Adding that it is of utmost importance for NIMASA to have a through briefing and regular consultation with ships owners, in other to have insight on the challenges facing the ship owners.

“It is of utmost importance for NIMASA to have a thorough briefing and regular consultations with shipowners, to receive insight on the challenges they face, and how the Agency can assist in solving them and encouraging them to invest and participate in the maritime sector, for its development. 

“NIMASA should see them as partners in progress because, if they do not invest in buying ships and registering them in Nigeria, there would be no Nigerian-owned ships in its Register and NIMASA would be unable to discharge its main objective.

The Maritime lawyer also urged NIMASA  to disburse the Cabotage Vessel Financing Fund (CVFF)that currently stands at about N44.6 billion.

“Lest it be forgotten, what is on the lips of almost every shipowner, is the need to disburse the Cabotage Vessel Financing Fund (the CVFF’), which was established by the Coastal and Inland Shipping Act, 2003. It was established to promote the development of indigenous ship acquisition capacity, by providing financial assistance to Nigerian citizens and shipping companies wholly owned by Nigerian operating in the domestic coastal shipping, to purchase and maintain vessels and build shipping capacity. 

“Research shows that this fund has grown to about N44.6billion; and that due to its non-disbursement, financial institutions have repossessed some vessels, resulting in a 43% reduction of the number of operational indigenous shipping companies in Nigeria, in the past few years. 

“Without beating around the bush, to promote indigenous maritime development, prompt action must be taken by NIMASA to commence the disbursement of this Fund to qualified shipowners pursuant to the extant Cabotage Vessel Financing Fund (“CVFF”) Regulations.

Mike Igbokwe (SAN)

“Indeed, as part of its statutory functions, NIMASA is to enforce and administer the provisions of the Cabotage Act 2003 and develop and implement policies and programmes which will facilitate the growth of local capacity in ownership, manning and construction of ships and other maritime infrastructure. Disbursing the CVFF is one of the ways NIMASA can fulfill this mandate.

“To assist in this task, there must be collaboration between NIMASA, financial institutions, the Minister of Transportation, as contained in the CVFF Regulations that are yet to be implemented”, the legal guru highlighted further. 

He urged the agency to create the right environment for its stakeholders to build on and engender the needed capacities to fill the gaps; and ensure that steps are being taken to solve the challenges being faced by stakeholders.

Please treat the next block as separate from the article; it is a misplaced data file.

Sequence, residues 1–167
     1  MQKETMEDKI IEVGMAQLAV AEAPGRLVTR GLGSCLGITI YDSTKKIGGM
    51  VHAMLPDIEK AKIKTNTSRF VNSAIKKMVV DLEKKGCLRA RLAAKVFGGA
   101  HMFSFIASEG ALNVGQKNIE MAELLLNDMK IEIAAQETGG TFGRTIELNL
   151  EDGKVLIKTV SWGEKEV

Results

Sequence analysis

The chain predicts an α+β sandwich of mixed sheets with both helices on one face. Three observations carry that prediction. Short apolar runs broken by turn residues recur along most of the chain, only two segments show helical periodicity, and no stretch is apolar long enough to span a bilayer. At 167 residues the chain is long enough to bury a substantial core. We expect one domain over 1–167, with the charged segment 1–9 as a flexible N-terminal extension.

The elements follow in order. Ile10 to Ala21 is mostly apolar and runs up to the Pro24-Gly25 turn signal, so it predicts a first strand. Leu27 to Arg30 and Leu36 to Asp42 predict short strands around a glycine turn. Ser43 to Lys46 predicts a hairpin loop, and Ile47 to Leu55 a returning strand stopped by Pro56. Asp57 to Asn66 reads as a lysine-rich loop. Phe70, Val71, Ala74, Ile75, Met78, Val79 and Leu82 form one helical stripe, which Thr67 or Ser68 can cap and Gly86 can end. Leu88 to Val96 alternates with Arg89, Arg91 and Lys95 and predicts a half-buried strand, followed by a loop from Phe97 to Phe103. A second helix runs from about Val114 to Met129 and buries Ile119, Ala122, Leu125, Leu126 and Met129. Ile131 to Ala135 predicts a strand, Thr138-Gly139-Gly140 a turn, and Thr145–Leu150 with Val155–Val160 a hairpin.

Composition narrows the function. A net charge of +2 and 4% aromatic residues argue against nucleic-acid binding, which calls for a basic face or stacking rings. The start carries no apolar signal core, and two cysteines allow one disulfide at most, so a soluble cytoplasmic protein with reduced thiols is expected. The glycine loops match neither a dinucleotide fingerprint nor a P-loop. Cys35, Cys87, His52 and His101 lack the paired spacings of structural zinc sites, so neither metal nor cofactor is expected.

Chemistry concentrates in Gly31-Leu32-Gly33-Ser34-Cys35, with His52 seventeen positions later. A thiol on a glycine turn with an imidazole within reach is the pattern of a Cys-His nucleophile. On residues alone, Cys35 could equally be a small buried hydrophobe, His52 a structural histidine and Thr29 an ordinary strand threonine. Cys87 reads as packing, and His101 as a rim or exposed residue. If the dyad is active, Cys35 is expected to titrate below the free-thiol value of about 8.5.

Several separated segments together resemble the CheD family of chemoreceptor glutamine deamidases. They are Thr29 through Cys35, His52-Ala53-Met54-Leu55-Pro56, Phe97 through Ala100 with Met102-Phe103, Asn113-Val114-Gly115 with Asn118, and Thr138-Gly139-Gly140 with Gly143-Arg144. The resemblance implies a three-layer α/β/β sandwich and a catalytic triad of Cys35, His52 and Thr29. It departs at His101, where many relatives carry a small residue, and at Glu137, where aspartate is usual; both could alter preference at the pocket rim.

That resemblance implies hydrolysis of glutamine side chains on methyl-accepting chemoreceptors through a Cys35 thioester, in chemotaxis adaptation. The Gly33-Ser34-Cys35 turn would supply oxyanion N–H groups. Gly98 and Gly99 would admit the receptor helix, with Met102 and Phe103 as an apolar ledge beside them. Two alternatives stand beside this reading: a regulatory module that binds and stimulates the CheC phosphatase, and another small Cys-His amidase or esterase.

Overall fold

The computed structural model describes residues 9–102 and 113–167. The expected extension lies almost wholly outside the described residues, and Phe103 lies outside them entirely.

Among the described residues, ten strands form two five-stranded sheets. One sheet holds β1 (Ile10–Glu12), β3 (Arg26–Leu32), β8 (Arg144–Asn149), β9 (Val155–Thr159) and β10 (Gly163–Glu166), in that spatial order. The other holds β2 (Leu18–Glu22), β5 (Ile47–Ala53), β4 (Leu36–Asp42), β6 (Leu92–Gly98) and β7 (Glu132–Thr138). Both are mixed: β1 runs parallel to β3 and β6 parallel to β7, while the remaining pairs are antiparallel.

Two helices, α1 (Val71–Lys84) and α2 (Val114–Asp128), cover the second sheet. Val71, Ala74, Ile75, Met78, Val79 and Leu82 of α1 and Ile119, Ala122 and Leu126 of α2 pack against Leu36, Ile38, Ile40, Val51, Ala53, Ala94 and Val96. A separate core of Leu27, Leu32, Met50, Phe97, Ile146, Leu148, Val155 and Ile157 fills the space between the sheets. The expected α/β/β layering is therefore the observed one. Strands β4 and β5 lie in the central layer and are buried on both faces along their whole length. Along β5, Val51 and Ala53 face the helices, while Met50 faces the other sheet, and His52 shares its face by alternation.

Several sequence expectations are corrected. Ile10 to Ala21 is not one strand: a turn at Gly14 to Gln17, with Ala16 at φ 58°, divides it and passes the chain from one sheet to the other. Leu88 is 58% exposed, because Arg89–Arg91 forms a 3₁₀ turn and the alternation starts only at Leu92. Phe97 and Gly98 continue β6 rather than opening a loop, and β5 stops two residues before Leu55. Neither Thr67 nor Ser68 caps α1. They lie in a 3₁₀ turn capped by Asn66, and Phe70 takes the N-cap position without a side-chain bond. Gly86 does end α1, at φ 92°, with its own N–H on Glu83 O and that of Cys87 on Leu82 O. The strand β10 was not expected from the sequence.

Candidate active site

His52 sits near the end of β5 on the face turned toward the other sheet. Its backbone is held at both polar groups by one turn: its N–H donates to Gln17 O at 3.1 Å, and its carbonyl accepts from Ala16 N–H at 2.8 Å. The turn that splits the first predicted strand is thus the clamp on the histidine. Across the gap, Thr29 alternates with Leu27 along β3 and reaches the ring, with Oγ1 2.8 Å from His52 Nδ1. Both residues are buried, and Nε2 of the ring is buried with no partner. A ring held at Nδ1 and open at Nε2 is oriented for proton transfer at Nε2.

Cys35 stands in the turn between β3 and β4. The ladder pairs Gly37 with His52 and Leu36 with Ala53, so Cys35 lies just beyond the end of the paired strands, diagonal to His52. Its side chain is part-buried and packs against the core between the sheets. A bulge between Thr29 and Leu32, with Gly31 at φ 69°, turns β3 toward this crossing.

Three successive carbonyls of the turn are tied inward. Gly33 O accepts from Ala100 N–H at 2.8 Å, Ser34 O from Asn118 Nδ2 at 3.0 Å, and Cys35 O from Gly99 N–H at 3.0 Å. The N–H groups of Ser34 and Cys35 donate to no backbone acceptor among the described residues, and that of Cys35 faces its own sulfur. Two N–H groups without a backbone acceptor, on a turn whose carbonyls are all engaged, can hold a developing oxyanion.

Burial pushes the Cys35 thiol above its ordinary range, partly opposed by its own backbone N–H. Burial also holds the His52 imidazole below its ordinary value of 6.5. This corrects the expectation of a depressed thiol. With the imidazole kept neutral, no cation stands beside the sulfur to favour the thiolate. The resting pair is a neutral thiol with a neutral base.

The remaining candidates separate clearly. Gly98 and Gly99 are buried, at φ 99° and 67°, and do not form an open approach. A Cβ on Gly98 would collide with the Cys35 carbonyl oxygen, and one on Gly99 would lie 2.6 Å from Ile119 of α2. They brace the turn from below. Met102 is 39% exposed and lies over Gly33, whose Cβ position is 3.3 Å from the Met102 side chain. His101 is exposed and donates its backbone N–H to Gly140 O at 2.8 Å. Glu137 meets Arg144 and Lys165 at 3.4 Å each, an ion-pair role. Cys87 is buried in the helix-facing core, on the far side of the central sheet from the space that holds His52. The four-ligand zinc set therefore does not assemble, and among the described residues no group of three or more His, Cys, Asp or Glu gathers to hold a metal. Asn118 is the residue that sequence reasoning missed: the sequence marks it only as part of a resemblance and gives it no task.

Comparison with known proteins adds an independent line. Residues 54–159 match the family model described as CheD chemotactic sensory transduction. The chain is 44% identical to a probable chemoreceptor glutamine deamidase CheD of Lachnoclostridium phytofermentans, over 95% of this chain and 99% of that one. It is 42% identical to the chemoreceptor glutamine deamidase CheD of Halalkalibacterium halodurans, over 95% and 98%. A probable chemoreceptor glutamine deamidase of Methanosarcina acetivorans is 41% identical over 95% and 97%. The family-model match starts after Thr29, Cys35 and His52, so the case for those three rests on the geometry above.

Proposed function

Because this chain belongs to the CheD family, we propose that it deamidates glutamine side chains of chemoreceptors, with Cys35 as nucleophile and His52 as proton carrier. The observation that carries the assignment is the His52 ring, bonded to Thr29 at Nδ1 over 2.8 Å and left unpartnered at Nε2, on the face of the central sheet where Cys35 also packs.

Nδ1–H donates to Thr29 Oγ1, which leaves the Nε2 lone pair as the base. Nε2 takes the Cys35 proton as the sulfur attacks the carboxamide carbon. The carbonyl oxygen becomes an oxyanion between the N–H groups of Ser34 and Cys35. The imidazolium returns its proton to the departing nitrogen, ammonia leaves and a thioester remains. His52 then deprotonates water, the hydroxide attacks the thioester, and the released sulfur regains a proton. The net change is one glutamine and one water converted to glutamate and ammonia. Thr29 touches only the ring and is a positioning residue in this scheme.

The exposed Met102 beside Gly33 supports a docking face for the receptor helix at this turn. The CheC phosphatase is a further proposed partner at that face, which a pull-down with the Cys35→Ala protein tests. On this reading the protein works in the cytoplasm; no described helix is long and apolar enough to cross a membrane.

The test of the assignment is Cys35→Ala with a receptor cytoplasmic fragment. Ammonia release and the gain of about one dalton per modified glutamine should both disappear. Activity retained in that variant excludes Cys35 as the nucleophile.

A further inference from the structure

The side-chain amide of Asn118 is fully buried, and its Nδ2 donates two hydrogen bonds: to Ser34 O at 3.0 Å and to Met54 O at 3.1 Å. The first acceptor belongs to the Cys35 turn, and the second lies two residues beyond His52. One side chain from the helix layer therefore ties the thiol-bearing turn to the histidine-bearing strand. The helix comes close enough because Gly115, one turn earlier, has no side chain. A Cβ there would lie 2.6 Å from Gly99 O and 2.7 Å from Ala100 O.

“Lastly, which is the main reason why we are all here, cessation of ministerial waivers on some cabotage requirements, which I believe is worth applause in favour of NIMASA. 

“This is because it appears that the readiness to obtain/grant waivers had made some of the vessels and their owners engaged in cabotage trade, to become complacent and indifferent in quickly ensuring that they updated their capacities, so as not to require the waivers. 

“The cessation of waivers is a way of forcing the relevant stakeholders of the maritime sector, to find workable solutions within, for maritime development and fill the gaps in the local capacities in 100% Nigerian crewing, ship ownership, and ship building, that had necessitated the existence of the waivers since about 15 years ago, when the Cabotage Act came into being. 

“However, NIMASA must ensure that the right environment is provided for its stakeholders to build and possess the needed capacities to fill the gaps; and ensure that steps are being taken to solve the challenges being faced by stakeholders. Or better still, that they are solved within the next 5 years of its intention to stop granting waivers”, he further explained. 

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Breaking News: The Funeral Rites of Matriarch C. Ogbeifun is Live

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The Burial Ceremony of Engr. Greg Ogbeifun’s mother is live. Watch on the website: www.maritimefirstnewspaper.com and on Youtube: Maritimefirst Newspaper.

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Wind Farm Vessel Collision Leaves 15 Injured

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…As Valles Steamship Orders 112,000 dwt Tanker from South Korea***

A wind farm supply vessel and a cargo ship collided in the Baltic Sea on Tuesday leaving 15 injured.

The Cyprus-flagged 80-meter general cargo ship Raba collided with Denmark-flagged 31-meter wind farm supply vessel World Bora near Rügen Island, about three nautical miles off the coast of Hamburg. 

Many of those injured were service engineers on the wind farm vessel, and 10 were seriously hurt. 

They were headed to Iberdrola’s 350MW Wikinger wind farm. Nine of the people on board the World Bora were employees of Siemens Gamesa, two were employees of Iberdrola and four were crew.

The cause of the incident is not yet known, and no pollution has been reported.

After the collision, the two ships were able to proceed to Rügen under their own power, and the injured were then taken to hospital. 

Lifeboat crews from the German Maritime Search and Rescue Service tended to them prior to their transport to hospital via ambulance and helicopter.

“Iberdrola wishes to thank the rescue services for their diligence and professionalism,” the company said in a statement.

In the meantime, the Hong Kong-based shipowner Valles Steamship has ordered a new 112,000 dwt crude oil tanker from South Korea’s Sumitomo Heavy Industries Marine & Engineering.

Sumitomo is to deliver the Aframax to Valles Steamship by the end of 2020, according to data provided by Asiasis.

The newbuild Aframax will join seven other Aframaxes in Valles Steamship’s fleet. Other ships operated by the company include Panamax bulkers and medium and long range product tankers.

The company’s most-recently delivered unit is the 114,426 dwt Aframax tanker Seagalaxy. The naming and delivery of the tanker took place in February 2019, at Namura Shipbuilding’s yard in Japan.

Maritime Executive with additional report from World Maritime News